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Field of Dreams (1989)

 -  Drama | Family | Fantasy  -  5 May 1989 (USA)
7.6
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Ratings: 7.6/10 from 77,006 users   Metascore: 57/100
Reviews: 300 user | 75 critic | 17 from Metacritic.com

An Iowa corn farmer, hearing voices, interprets them as a command to build a baseball diamond in his fields; he does, and the Chicago Black Sox come.

Writers:

(book), (screenplay)
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Title: Field of Dreams (1989)

Field of Dreams (1989) on IMDb 7.6/10

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Nominated for 3 Oscars. Another 6 wins & 9 nominations. See more awards »

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Cast

Cast overview, first billed only:
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James Andelin ...
Mary Anne Kean ...
Feed Store Lady
Fern Persons ...
Annie's Mother
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Dee, Mark's Wife (as Kelly Coffield)
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Storyline

Iowa farmer Ray Kinsella hears a voice in his corn field tell him, "If you build it, he will come." He interprets this message as an instruction to build a baseball field on his farm, upon which appear the ghosts of Shoeless Joe Jackson and the other seven Chicago White Sox players banned from the game for throwing the 1919 World Series. When the voices continue, Ray seeks out a reclusive author to help him understand the meaning of the messages and the purpose for his field. Written by Scott Renshaw <as.idc@forsythe.stanford.edu>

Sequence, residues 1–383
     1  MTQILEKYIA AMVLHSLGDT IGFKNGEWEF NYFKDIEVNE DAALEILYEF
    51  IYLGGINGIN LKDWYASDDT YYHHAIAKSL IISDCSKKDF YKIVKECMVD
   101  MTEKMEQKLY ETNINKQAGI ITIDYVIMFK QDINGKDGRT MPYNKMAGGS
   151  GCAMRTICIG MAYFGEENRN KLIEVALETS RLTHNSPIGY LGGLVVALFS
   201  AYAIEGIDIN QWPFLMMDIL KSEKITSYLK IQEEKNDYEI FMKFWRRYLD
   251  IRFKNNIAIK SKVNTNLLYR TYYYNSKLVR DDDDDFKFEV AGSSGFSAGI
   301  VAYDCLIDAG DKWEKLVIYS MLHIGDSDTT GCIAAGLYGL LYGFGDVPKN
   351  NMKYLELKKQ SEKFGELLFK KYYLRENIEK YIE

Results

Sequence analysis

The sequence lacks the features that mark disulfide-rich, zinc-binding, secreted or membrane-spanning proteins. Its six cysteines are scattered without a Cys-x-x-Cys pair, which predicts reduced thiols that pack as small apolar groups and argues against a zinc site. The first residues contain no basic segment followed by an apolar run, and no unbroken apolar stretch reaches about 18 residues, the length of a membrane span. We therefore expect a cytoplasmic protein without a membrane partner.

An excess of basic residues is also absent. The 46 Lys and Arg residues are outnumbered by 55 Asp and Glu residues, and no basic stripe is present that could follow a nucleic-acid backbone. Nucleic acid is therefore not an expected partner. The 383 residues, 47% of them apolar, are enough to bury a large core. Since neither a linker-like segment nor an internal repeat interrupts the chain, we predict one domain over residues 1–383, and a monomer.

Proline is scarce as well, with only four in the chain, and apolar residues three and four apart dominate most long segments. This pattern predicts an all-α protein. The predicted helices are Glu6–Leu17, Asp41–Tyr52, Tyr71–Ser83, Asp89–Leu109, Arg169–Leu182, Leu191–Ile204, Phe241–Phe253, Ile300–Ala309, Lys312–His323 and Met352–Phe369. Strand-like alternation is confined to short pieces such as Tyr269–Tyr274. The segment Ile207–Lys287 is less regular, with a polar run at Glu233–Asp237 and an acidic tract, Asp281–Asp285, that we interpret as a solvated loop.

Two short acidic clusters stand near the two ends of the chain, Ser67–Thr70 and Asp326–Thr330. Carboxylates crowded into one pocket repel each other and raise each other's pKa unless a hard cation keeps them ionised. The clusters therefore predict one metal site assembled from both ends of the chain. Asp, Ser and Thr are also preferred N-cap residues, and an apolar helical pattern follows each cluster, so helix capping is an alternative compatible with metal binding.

Plot Summary | Plot Synopsis

Taglines:

All his life, Ray Kinsella was searching for his dreams. Then one day, his dreams came looking for him. See more »

Genres:

Drama | Family | Fantasy | Sport

Certificate:

PG | See all certifications »

Parents Guide:

 »
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Details

Country:

Language:

Release Date:

5 May 1989 (USA)  »

Also Known As:

Shoeless Joe  »

Filming Locations:

 »

Box Office

Gross:

$64,431,625 (USA)
 »

Company Credits

Production Co:

 »
Show detailed on  »

Technical Specs

Runtime:

Sound Mix:

Color:

Aspect Ratio:

1.85 : 1
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Did You Know?

Trivia

In 1991, Hawaii's House of Representatives filed House Resolution 95 to plead the case for "Shoeless" Joe Jackson's reinstatement. Among the reasons given was a quote given by James Earl Jones's character in the movie that "grasps the essence of an American tradition, baseball." Among those receiving a copy of the House Resolution were Phil Alden Robinson (Field of Dreams writer-director), Charles Gordon and Lawrence Gordon (Field of Dreams producers), and cast members Kevin Costner, Amy Madigan, and James Earl Jones. See more »

Goofs

At Fenway Park, when Oakland A's batter Jose Canseco is shown hitting a fly ball, the time on the scoreboard reads 8:41. A moment later, Ray looks up at the scoreboard to see the message about 'Moonlight' Graham and the time on the scoreboard reads 10:30. See more »

Quotes

[first lines]